Google+ Is Google's Answer to the Facebook Threat

Google's social network that the company hasn't been building for almost a year now it's finally hatching. Of course, even now, Google will deny that this is a social network and, in a sense, it's not, it goes beyond the scope of something like Facebook, but it is, at its core, very similar to the giant social network.

Google+, the project unveiled today, is a big push which is designed to improve all of Google's products, hence the "+" in the name.

"Today, the connections between people increasingly happen online. Yet the subtlety and substance of real-world interactions are lost in the rigidness of our online tools," Vic Gundotra, Senior Vice President of Engineering at Google, who has been leading social efforts at the company, wrote.

"We’d like to bring the nuance and richness of real-life sharing to software. We want to make Google better by including you, your relationships, and your interests. And so begins the Google+ project," he announced.

Now, Google has only revealed several products that are part of Google+ and all have sharing and communication at their core.

Google stresses that what it unveiled today is only part of Google+. What's more, while the announced products are going live, it will be a very limited trial. You can put your name on the list, but it may be a while before you get an invitation.

For now, Google+ is made up of three core products, unveiled today, and the mobile components along with some integration into Google' other products, search in particular, with the +1 button for example.


Circles, or Google+ Circles if you want the full nomenclature, is probably the most important component of Google+, from a social point of view, the place where you manage all of your contacts, be them friends, family, coworkers, acquaintances and so on.

Google separates all of your contacts depending on how you relate to them and, while asking users to group their friends has been tried before, with little success, the simple and intuitive interface Google has built may do the trick.


The next product to be announced, Sparks, is all about sharing and interests. It's more focused on you than anything else Google unveiled. In essence, it asks users to list some of the things they like or are interested in and Sparks will try to surface content that will be relevant to their interests.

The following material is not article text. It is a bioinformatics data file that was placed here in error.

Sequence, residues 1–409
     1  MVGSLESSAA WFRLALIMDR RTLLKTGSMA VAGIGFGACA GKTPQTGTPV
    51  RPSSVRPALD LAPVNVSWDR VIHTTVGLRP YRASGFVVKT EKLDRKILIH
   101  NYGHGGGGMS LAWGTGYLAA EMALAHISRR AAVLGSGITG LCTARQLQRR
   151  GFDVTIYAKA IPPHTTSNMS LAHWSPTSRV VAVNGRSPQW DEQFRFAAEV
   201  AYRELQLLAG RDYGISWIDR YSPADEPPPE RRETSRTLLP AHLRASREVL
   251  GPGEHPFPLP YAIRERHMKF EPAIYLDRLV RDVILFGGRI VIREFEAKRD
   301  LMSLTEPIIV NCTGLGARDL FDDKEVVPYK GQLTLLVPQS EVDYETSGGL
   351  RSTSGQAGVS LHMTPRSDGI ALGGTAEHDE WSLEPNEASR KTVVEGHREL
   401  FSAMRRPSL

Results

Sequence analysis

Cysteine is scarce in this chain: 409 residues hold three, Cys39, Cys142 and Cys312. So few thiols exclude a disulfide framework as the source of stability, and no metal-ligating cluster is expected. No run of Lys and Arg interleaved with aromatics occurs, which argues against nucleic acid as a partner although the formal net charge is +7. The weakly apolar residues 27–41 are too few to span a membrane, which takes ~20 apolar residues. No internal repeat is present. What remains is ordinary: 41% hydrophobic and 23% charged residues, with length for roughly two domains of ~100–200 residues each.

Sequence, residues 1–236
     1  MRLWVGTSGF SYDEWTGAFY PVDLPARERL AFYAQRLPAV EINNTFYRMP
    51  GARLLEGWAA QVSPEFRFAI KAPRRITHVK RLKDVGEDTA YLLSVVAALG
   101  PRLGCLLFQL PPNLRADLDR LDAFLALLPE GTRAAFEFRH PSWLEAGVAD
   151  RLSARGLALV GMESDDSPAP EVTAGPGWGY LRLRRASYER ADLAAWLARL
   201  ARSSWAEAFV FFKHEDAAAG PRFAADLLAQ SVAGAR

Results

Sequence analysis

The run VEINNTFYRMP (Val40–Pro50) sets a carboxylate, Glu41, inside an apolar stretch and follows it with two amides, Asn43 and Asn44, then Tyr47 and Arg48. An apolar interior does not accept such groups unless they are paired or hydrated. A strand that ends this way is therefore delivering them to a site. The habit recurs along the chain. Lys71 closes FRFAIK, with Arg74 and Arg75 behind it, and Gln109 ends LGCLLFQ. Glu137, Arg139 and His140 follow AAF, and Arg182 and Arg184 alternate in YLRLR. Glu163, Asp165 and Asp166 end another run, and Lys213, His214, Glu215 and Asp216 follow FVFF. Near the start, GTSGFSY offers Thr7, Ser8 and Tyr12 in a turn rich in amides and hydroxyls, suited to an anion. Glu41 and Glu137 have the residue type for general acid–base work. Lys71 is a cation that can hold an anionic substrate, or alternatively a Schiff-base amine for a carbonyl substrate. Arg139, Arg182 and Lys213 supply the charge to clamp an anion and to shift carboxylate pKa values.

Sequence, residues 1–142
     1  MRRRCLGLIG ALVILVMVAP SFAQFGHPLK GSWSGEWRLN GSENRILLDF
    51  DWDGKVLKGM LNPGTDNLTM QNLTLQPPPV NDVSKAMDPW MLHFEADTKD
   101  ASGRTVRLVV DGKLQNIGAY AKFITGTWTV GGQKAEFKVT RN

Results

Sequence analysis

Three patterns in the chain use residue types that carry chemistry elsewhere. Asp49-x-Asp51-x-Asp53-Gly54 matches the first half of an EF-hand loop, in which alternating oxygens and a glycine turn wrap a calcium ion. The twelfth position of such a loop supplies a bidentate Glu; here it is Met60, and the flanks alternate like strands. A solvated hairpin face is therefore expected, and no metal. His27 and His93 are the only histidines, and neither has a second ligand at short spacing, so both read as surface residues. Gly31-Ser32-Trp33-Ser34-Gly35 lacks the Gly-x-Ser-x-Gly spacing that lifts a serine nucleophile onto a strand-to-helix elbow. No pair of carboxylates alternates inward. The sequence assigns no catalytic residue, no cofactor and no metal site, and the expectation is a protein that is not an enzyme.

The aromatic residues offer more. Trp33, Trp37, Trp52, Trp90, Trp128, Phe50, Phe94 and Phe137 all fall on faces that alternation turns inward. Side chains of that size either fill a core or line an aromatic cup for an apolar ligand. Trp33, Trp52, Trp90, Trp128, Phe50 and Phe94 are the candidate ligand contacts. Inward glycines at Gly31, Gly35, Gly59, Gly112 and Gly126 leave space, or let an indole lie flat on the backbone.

The discovery part is just half of the equation, the other half is sharing that content with just the right friends, the ones that have the same interest in whatever it is that Google has found for you.


Next up is is a group video chat app, Hangouts. While group video chat is nothing new, Hangouts does a couple of smart things. For one, you'll only be bothered if you're feeling chatty, you have to indicate that you're in the mood for some conversation.

If more of your friends want to hang out, you can get together and start a conversation, share content, watch YouTube clips together and so on. People can join and leave the conversation at any time.


Finally, Google+ has a strong mobile component. There will be applications for both Android and the iPhone. For one, the app enables you to add a location to anything you share or send.

Another core feature is Instant Upload, any photo you take can be automatically uploaded to the cloud so you can view it and share it from any device any time.

Finally, on the mobile front, there's the +Huddle group messaging app, which makes it easy to strike a conversation with several of your friends, even if all of your friends don't have an internet connection at that moment.

"That’s the Google+ project so far: Circles, Sparks, Hangouts and mobile. We’re beginning in Field Trial, so you may find some rough edges, and the project is by invitation only. But online sharing needs a serious re-think, so it’s time we got started. There’s just one more thing—really the only thing: You," Gundotra concluded.

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